Yellow-billed cuckooOver the past 25 years, the Center for Biological Diversity has helped secure federal protections for more than 500 animals and plants, from Alameda whipsnakes to yellow-billed cuckoos, as well as protected habitat across more than 200 million acres. Now the work of the Center's Endangered Species Program has been nominated for a "CLASSY Award," which recognizes champions of social progress. Our endangered species program is one of five nominees for a CLASSY in the Land, Wildlife & Urbanization category.

A panel of judges will soon choose the final winner; meanwhile, we're charmed to be on the list of contenders. Stay tuned for the results and learn more from the Collaborative Exchange.

Wild & Weird: April Showers Bring ... Genghis Khan

Genghis KhanAt its peak the vast, horse-powered military of the Mongol Empire (1206-1368) controlled the most geographically expansive empire in all of history, stretching from Central Europe to the Sea of Japan, and from Siberia to Southeast Asia. But how'd the Mongols take over so much of the world so quickly? A new study based on tree-ring samples from ancient Siberian pines in central Mongolia suggests warm weather and rain.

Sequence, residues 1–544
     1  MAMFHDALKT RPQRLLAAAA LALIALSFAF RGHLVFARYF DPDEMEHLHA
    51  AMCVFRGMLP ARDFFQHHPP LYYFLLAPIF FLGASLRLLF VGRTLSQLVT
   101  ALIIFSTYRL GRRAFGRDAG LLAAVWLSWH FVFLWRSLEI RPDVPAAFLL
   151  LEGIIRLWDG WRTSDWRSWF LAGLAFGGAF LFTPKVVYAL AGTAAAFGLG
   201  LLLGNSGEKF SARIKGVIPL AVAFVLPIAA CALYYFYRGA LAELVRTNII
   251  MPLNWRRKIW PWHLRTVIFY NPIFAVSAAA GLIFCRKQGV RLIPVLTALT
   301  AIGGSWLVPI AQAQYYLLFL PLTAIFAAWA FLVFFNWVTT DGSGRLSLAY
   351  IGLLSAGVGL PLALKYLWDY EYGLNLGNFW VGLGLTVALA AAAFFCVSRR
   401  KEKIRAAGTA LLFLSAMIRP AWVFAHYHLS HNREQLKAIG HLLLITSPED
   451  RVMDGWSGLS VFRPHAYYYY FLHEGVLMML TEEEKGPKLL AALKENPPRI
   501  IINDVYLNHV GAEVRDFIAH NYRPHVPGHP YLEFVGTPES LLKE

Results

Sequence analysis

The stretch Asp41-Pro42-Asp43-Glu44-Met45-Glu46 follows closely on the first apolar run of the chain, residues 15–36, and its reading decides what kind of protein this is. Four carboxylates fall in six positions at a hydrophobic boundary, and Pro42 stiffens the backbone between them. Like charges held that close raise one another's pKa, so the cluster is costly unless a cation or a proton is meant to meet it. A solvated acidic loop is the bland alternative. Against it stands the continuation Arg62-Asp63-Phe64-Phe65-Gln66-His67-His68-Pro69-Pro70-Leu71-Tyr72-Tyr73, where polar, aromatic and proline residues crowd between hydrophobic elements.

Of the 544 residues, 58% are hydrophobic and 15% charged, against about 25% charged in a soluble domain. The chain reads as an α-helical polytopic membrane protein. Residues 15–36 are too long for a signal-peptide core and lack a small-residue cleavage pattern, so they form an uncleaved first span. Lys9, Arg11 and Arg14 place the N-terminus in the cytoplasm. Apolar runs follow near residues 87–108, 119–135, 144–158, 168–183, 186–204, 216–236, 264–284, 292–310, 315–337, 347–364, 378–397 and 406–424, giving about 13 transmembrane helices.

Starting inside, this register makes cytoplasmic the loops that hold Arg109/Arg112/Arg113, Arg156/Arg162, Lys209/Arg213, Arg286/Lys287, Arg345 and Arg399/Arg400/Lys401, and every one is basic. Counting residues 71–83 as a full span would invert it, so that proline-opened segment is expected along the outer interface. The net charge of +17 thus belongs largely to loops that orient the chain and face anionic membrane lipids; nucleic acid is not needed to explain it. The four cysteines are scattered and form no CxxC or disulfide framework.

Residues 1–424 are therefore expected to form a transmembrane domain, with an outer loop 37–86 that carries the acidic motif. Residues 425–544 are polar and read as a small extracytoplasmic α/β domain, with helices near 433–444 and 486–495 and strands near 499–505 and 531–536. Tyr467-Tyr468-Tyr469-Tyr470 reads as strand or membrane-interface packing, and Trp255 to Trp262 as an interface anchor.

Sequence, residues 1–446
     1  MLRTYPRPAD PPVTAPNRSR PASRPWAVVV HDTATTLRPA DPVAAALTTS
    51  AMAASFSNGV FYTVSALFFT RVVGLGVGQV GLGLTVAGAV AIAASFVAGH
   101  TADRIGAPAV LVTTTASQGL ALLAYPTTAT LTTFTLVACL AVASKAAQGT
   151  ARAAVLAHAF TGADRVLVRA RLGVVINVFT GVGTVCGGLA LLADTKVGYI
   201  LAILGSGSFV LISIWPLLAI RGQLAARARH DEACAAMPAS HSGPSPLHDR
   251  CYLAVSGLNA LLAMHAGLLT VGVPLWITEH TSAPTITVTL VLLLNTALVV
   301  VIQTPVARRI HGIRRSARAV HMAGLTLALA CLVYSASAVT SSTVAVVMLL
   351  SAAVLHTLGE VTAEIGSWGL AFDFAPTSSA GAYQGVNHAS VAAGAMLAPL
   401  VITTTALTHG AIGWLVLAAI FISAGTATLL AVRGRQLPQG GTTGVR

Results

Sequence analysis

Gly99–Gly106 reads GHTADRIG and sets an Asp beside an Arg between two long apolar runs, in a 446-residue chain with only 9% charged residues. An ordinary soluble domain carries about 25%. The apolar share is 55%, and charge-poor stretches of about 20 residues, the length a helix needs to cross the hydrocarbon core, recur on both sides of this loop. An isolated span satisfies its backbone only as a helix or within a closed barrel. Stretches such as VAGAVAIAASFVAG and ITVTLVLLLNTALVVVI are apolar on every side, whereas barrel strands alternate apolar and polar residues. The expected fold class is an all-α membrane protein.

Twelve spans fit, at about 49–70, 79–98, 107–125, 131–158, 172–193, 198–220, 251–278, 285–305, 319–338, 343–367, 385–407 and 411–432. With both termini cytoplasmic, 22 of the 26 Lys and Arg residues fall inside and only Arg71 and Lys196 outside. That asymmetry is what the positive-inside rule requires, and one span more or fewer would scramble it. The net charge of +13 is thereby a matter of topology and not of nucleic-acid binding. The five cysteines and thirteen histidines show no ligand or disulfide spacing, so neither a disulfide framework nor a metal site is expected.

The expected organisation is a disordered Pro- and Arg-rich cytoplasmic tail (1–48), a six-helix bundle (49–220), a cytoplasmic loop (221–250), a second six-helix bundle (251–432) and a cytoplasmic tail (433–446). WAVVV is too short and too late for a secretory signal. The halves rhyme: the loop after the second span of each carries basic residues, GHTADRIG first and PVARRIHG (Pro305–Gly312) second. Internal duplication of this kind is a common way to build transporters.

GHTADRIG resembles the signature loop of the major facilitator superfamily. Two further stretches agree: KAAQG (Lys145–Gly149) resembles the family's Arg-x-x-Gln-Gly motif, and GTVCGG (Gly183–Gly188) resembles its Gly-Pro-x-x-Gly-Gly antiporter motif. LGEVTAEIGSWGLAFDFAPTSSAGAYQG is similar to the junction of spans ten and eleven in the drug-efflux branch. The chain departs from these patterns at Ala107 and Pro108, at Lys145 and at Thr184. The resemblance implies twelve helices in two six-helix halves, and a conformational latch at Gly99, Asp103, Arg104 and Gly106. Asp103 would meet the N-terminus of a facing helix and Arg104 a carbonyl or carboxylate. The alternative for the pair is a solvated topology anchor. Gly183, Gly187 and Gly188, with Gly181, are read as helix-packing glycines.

The report, published this month in the Proceedings of the National Academy of Sciences, says that in the years immediately preceding Genghis Khan's rule, a period of tribal disarray, the steppe region suffered intense drought. But then, coinciding with the meteoric rise of the empire, Mongolia witnessed a climatic shift involving rain and warmth to a degree never experienced in the region before or since. That rainfall brought unprecedented growth in plants, namely grasses. The theory is that grass abundance allowed the Mongols to increase the horsepower that overwhelmed their enemies across the known world.

Read more in USA TODAY; then check out this time-lapse map of the extent of the Mongol empire.

Kierán Suckling
Executive Director

Photo credits: Fracking rig courtesy openclipart/cybergedeon; fracking report cover courtesy Center for Biological Diversity; Keystone XL protest by Chelsea Tu, Center for Biological Diversity; wolf pups courtesy Washington Department of Fish and Wildlife; silvery phacelia courtesy Oregon Wild; Nyxo courtesy Mourad Gabriel; California red-legged frog; greater sage grouse courtesy Flickr/Dan Dzurisin; yellow-billed cuckoo courtesy Flickr/nebirdsplus; Genghis Khan courtesy Flickr/Ludovic Hirlimann.

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Center for Biological Diversity